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By New Times
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He says Dunlap responded angrily, saying he'd be at Dream Palace that night with Hites' money, and that would mark the end of their relationship.
Hites says Dunlap didn't show up that night. A few days later, Hites reached Dunlap on the phone, and the musician acted like he'd never met him. Hites was tired and angry.
He told Dunlap that what really infuriated him was that Dunlap was using his musical talent to cheat people. He says that Dunlap warned him to watch his back, because he didn't realize who he was messing with.
Hites isn't the only one who's angry about their business relationship with Dunlap. One local businessman says he blew $2,000 and countless hours of time on Dunlap. One self-employed limo driver says he was stiffed for more than $1,200 in rides, and temporarily lost his apartment. And one local music-biz aspirant says he squandered more than $5,000 on Dunlap.
New Timestalked to a half-dozen people who say that they trusted Dunlap. Some gave him hundreds and even thousands of dollars they hoped would provide them entree into the music business.
Dunlap did not respond to New Times' requests for an interview, which included numerous messages on his pager and a business card left at the east Mesa home he shares with his mother. However, New Timesdid speak with friends of Dunlap, people who continue to believe that he is not only enormously gifted, but also a man of integrity.
To hear Dunlap's ex-manager, Trudy Reynolds, tell it, Dunlap is simply a misunderstood artist.
"In my nine years with Michael, I never knew him to tell a lie, not even a white lie," Reynolds says. "The only thing in the whole world that Michael wants to do is be in the studio and write music. He's like a 9-year-old child. As long as he's in the studio and he's got some instruments and you get him some pizza, he'll write music and be happy."
Most of the people New Timestalked to who gave money to Dunlap are hard workers with big dreams. They are blue-collar workers, 35 and up, who are wearing themselves out in multiple dead-end jobs, but cling to fantasies of making it in the entertainment industry. He's inspired and excited these people, then, they say, left them hanging, considerably lighter in the wallet than when he met them. All promises aside, Doctor Bombay has failed to pay anyone's bills.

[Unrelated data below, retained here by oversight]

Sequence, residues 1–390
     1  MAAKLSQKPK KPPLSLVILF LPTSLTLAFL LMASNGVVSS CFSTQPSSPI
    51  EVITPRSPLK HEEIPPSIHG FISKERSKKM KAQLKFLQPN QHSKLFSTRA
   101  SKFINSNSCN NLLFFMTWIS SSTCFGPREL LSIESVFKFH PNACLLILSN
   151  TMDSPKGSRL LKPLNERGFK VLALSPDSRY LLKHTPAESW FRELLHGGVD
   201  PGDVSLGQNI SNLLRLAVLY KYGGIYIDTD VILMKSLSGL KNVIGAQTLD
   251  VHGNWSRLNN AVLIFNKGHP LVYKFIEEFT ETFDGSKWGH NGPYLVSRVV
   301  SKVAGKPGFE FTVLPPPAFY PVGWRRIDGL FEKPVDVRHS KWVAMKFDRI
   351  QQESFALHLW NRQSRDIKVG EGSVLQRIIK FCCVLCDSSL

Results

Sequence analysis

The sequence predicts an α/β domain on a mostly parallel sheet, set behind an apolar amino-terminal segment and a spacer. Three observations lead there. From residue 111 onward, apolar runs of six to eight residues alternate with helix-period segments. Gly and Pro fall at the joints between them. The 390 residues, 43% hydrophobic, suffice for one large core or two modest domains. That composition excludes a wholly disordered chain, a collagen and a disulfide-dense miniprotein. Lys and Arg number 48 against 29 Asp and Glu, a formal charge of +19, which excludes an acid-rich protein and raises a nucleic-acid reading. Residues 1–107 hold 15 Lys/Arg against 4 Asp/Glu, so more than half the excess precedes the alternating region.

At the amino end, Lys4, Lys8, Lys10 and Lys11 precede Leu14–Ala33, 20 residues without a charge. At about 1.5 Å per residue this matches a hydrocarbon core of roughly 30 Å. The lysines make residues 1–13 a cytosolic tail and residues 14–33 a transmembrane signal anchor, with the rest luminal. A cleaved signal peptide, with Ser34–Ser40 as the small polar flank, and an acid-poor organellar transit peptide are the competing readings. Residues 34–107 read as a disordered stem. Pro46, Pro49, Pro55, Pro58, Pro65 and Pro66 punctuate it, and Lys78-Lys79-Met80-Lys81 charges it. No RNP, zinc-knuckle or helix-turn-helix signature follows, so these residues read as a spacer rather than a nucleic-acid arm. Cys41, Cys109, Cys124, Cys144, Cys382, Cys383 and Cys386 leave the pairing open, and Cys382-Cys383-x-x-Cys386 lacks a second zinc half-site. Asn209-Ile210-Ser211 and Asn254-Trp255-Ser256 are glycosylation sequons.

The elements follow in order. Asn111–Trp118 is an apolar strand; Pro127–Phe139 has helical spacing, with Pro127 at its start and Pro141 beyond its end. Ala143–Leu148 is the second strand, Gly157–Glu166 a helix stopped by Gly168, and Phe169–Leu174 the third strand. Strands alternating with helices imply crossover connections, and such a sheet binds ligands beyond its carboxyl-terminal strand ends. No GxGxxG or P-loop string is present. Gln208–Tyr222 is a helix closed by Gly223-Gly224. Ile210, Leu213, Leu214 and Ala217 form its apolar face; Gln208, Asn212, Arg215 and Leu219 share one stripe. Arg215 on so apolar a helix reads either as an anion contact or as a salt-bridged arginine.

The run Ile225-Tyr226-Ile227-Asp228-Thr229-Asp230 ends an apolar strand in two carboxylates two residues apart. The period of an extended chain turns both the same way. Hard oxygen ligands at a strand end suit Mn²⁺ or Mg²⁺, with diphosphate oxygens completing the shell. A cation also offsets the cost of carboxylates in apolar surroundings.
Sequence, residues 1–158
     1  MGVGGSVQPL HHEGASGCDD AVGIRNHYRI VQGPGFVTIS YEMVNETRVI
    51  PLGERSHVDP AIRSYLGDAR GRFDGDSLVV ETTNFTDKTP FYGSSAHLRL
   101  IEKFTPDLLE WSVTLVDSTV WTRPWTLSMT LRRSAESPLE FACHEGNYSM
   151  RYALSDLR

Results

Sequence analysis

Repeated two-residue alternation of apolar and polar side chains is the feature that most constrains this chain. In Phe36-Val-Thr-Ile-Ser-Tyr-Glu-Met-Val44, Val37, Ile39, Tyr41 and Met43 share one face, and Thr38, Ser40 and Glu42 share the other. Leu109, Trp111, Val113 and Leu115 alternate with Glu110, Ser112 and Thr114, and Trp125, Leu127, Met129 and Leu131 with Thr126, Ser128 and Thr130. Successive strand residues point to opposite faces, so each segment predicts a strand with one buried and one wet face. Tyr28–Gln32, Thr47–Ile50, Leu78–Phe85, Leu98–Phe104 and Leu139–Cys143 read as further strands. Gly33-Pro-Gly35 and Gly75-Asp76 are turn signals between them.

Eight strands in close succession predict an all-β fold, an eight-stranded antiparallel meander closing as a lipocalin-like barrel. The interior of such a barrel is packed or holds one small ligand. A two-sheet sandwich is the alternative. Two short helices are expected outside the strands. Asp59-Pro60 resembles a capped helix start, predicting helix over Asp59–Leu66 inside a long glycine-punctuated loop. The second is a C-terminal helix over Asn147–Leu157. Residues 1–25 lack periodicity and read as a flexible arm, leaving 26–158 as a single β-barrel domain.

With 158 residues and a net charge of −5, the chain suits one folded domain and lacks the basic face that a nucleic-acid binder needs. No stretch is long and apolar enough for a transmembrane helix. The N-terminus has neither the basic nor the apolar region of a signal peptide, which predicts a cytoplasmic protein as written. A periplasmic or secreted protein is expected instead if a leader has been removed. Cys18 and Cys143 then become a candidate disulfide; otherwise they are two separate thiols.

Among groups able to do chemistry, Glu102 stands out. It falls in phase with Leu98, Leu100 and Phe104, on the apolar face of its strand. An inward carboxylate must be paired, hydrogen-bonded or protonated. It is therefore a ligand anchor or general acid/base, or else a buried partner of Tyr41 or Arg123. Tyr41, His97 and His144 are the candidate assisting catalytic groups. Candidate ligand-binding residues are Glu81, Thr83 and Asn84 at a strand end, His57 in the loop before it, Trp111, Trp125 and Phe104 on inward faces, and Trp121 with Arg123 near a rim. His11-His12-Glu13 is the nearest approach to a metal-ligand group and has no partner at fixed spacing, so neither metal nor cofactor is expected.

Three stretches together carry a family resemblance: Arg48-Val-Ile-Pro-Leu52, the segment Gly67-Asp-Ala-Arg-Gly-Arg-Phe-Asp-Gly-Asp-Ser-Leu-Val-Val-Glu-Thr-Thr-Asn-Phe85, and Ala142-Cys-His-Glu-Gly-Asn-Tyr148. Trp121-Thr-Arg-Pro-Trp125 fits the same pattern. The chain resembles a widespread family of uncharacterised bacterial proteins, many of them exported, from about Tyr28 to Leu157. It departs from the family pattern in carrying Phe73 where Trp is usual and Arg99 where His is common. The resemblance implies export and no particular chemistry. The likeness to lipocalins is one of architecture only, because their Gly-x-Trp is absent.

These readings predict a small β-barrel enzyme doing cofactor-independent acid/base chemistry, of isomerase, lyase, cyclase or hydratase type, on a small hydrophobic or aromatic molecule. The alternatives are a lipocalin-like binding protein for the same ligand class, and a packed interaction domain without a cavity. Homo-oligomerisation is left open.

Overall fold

"He's a con from the word 'go,'" says Hites' hilariously crusty 82-year-old father. "He can put it on with a butter knife, I'll tell you."
Michael Dunlap usually makes a good first impression. People who know him say he's gregarious and confident, with an easy warmth, a knack for making complete strangers feel that they're his best friend. Even people who don't know anything about his résumé rave about the star presence they sense when they meet him.
Three years after the fact, Lymus Middleton still beams when he talks about the night he met Dunlap.
Middleton, 48, works nights as a clerk at the Circle K on 34th Street and Van Buren. All his life, he's dreamed of making it in show business. He says that he sang for years with the local group Stan Devereaux and Spice. He's also managed some film work as an extra, most notably as a crowd member in Rocky, cheering on his second cousin, former heavyweight champion Joe Frazier.
Middleton is tall and thin, with processed hair and a Charlie Chan mustache. He's soft-spoken and kind, with an almost old-world politeness about him. During the past year, he's shuffled from place to place, with no consistent home, and the large bags under his eyes suggest that he's often gone without sleep.
Middleton met Dunlap in 1997, on karaoke night at Melody Lounge in Tempe. Middleton got up and sang the Stylistics' 1974 hit "You Make Me Feel Brand New." He can't remember the tune that Dunlap sang, but what's indelibly imprinted on his memory is the stage presence that this huge man had. Dunlap acted like he owned the stage. He didn't just sing a song, he acted out every emotion.
"He sounded so professional," Middleton says. "I had to go over and meet him. He told me he liked my voice. He told me that he sang with the Commodores. After introducing myself, being all nervous and everything, I said, 'Maybe we can do something together someday.'"
Dunlap sounded interested. The two men talked about music for the rest of the night, finally exchanging phone numbers and wishing each other well with a familial embrace. From that point on, Middleton called Dunlap "Big Brother."
They went into the Salt Mine recording studio together, recording nine songs that Dunlap had written. The tracks were earmarked for a variety of projects that Dunlap planned on pitching to record companies. Dunlap sang lead, and Middleton sang back-up.
"It was good stuff," Middleton says. "Everyone always said our voices sounded so sweet together."